Let's open https://www.gatesnotes.com/

The title of the site is "The blog of Bill Gates"

The title of the site

Why "The blog of Bill Gates" and not "The Bill Gates' blog"?

Is it the possessive case or not?


4 Answers 4


*The Bill Gates’ blog

is wrong. When there is a possessive case or a possessive adjective before a noun, no article is used.

Bill Gates’ blog

is acceptable.

We now understand that “The blog of Bill Gates” and “Bill Gates’ blog” are both acceptable.

Which one is prefered?

To my taste, the possessive case is prefered when the owner description is short (a single noun or name), e.g. “Bill’s blog”; and “of + owner” is prefered when the owner is described by a long(er) name or phrase.

Also, “of + owner” puts slightly more stress on the ownership than the possessive case. As Connor Harris mentions in a comment below, this is a specific case of the general rhetorical rule that the most emphatic item in a statement should be placed at the end.

And lastly, if one wants to stress that there is only one blog of Bill Gates (and this is it), then one should use the only form that allows a definite article: “the + thing + of + owner”.

  • 16
    Personally I'd go for "Bill Gates's blog" over "Bill Gates' blog", but you are correct that for some reason "Bill Gates' blog" is acceptable to some people.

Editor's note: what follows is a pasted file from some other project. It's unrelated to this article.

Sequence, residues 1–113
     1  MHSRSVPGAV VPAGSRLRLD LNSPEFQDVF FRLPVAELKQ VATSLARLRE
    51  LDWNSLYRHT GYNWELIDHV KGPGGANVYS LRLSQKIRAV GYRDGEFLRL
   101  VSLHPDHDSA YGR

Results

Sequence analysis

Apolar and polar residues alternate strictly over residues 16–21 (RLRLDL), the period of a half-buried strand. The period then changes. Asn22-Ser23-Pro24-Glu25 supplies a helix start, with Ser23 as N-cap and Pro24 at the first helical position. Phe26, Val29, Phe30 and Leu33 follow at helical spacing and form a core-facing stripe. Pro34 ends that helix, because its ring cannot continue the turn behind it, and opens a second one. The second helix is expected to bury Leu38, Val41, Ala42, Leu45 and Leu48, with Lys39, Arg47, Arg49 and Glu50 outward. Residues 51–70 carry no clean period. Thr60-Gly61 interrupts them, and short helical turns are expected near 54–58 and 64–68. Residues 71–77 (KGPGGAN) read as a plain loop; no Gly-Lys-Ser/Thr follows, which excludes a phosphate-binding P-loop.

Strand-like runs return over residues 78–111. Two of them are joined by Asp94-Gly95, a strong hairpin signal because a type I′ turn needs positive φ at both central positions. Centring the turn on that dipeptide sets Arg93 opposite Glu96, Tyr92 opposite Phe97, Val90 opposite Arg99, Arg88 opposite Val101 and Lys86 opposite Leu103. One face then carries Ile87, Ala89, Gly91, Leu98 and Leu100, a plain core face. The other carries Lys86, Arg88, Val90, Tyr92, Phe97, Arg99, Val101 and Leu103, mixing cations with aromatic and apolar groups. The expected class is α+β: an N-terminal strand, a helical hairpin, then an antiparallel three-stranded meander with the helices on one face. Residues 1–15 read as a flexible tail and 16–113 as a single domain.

– AndyT
    Dec 19, 2018 at 9:55
  • 18
    @microenzo - Er, no. There are two competing schools of thought. See e.g. this answer where it is shown that in US English including the s has been the more common form for quite a long time. Also see this answer which gives a good rule: add the s after the apostrophe if you pronounce an extra /əz/.
    – AndyT
    Dec 19, 2018 at 10:12
  • 9
    Therefore, the correct answer is... it saves having people argue over how it's pronounced & whether there should be an extra 's' on the end ;) Dec 19, 2018 at 10:30
  • 9
    @microenzo I personally would pronounce the extra syllable, lest it should sound like Mr Gate's blog.
    – JDF
    Dec 19, 2018 at 10:30
  • 20
    You could have "The Bill Gates Blog" - no apostrophe, in the same way you could have "The Daily Telegraph Blog" Dec 19, 2018 at 10:41

Adhemer's answer covers almost everything, but it's worth adding that "The X of Y" tends to sound grander than "Y's X". It sounds like a given title, implying that this is something special, noteworthy and unique.

"The Sceptre of the King" sounds natural (as does "The King's Sceptre"), whereas if someone talked about "The overcoat of Bob Smith", I'd think there must be some special story to this particular overcoat.

Bill Gates is famous enough that it sounds natural to call his blog "The blog of Bill Gates", but if I called mine "The blog of User 568458", it'd sound a little pretentious.

So to summarise:

  • X's Y e.g. Bill Gates's Blog (or Bill Gates' Blog, both are acceptable if the word ends in 's' and isn't a plural)
    • Versatile, not particularly formal
    • Could be one of many, for example this could be his general blog and there might also be "Bill Gates' music blog"
  • The Y of X e.g. The Blog of Bill Gates
    • Sounds formal and grand, carrying an implication that this is something the listener may have heard of
    • Implies uniqueness - that this is the only blog of Bill Gates (or, the true or definitive blog of Bill Gates)
    • Potentially ambiguous about the relationship between X and Y. Blog implies authorship, but the same construction can have other meanings, like origin ("The Holy Hand Grenade of Antioch") or subject ("The definitive encyclopedia of The Beatles")